Most suppliers require their customers to sign credit applications at the beginning of the sales relationship. However, since suppliers rarely need to enforce the terms of that document it is common to forget what it says or to periodically review it. A client recently asked me to pursue an overdue account. When I reviewed its customer agreement, I saw that it had a number of holes in it and my client did not know exactly what the document said. He had been using it for years as just another part of opening a new customer account. If you take the time to review and refresh your customer agreement, here are 12 key provisions I recommend:
1. PERSONAL GUARANTY: Make the owners of your customer personally responsible for overdue balances. It is simple to add a personal guaranty section to a standard credit application and most contractors are not surprised to see this requirement.
2. PAYMENT TERMS: Eliminate outdated payment terms. Also consider creating different payment terms for orders that exceed a certain dollar amount. For example, orders exceeding $10,000 require a 50% down payment.
3. COLLECTION COSTS: Always obligate the customer to pay your attorneys’ fees, collection costs, and other expenses to enforce the credit application and collect overdue balances.
4. RETURNS & RESTOCKING FEES: State that custom- ordered materials may not be returned, and payment is due regardless of whether the contractor uses the materials. Also charge a restocking fee if standard materials are returned.
5. DELAYS: You should not be responsible for delays because the property owner or contractor failed to provide access to the delivery site, or for bad weather, strikes, or other circumstances beyond the supplier’s control. Also consider a daily or weekly storage fee if the contractor orders materials but does not take delivery for a substantial period of time and forces you to store them.
6. WARRANTY DISCLAIMERS: In most cases you are not manufacturing the products and are only a selling them. All warranties for the products should be clearly disclaimed and the customer’s only remedy should be the manufacturer’s warranty.
7. OTHER DISCLAIMERS: Consider including special disclaimers for special products. For example, disclaim responsibility for flooring that is laid over in-floor heating where the temperature exceeds a certain level or where there are sharp temperature changes over a short period of time (such as 24 hours).
8. NOTIFICATION OF BREACH: Require the contractor to notify you within a short period of time after he discovers a problem with materials you supplied. If he does not send you a written notice within that time period (for example within five days), he has waived the claim.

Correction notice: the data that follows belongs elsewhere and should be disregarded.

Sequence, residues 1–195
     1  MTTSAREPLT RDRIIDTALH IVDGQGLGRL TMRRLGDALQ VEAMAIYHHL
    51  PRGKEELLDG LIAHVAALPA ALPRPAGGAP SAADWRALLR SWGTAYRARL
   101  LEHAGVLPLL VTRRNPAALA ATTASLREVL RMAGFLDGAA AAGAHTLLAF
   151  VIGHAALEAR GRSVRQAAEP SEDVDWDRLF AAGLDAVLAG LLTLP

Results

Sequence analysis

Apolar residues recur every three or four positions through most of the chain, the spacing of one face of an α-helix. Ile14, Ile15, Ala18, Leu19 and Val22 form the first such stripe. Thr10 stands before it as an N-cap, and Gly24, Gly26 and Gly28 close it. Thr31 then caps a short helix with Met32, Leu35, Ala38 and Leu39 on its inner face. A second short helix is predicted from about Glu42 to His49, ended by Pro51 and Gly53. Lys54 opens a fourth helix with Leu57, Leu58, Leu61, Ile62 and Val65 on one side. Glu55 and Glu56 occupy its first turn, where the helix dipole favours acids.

9. LIMITATION OF REMEDIES: Limit the customer’s remedies and state that you will not be responsible for any indirect, incidental, consequential or special damages. Another aggressive clause would state that your liability is limited to the amount the contractor paid for the products at issue. Also provide that any action against you must be commenced within one year from the date the issue arose.
10. DELIVERY & RISK OF LOSS: Clearly state that a) your responsibility for the products ends when they are delivered to the job site; b) your only obligation is to drop the product outside at the project site; and c) it is the contractor’s responsibility to take delivery of the product at the job site and to move it inside the property.
11. INDEMNIFICATION: The customer should agree to indemnify and defend you if you are dragged into any disputes. For example, if you sell windows to the contractor and the homeowner later sues everyone because the windows leaked, the contractor should be required to indemnify you and pay your attorneys’ fees in defending against the action.
12. DISPUTE RESOLUTION: Choose whether you wish to use litigation or binding arbitration as your method of dispute resolution. However, if you choose arbitration consider still allowing claims under a certain amount to be pursued in small claims court. Also state that all legal action must take place in the county in which your main office is located.
These are just some of the provisions that I recommend when I review and draft customer agreements. If you have other provisions that you have found useful in your own agreements, please feel free to drop me a line and let me know about them. I am always looking for extra tools for my toolbox.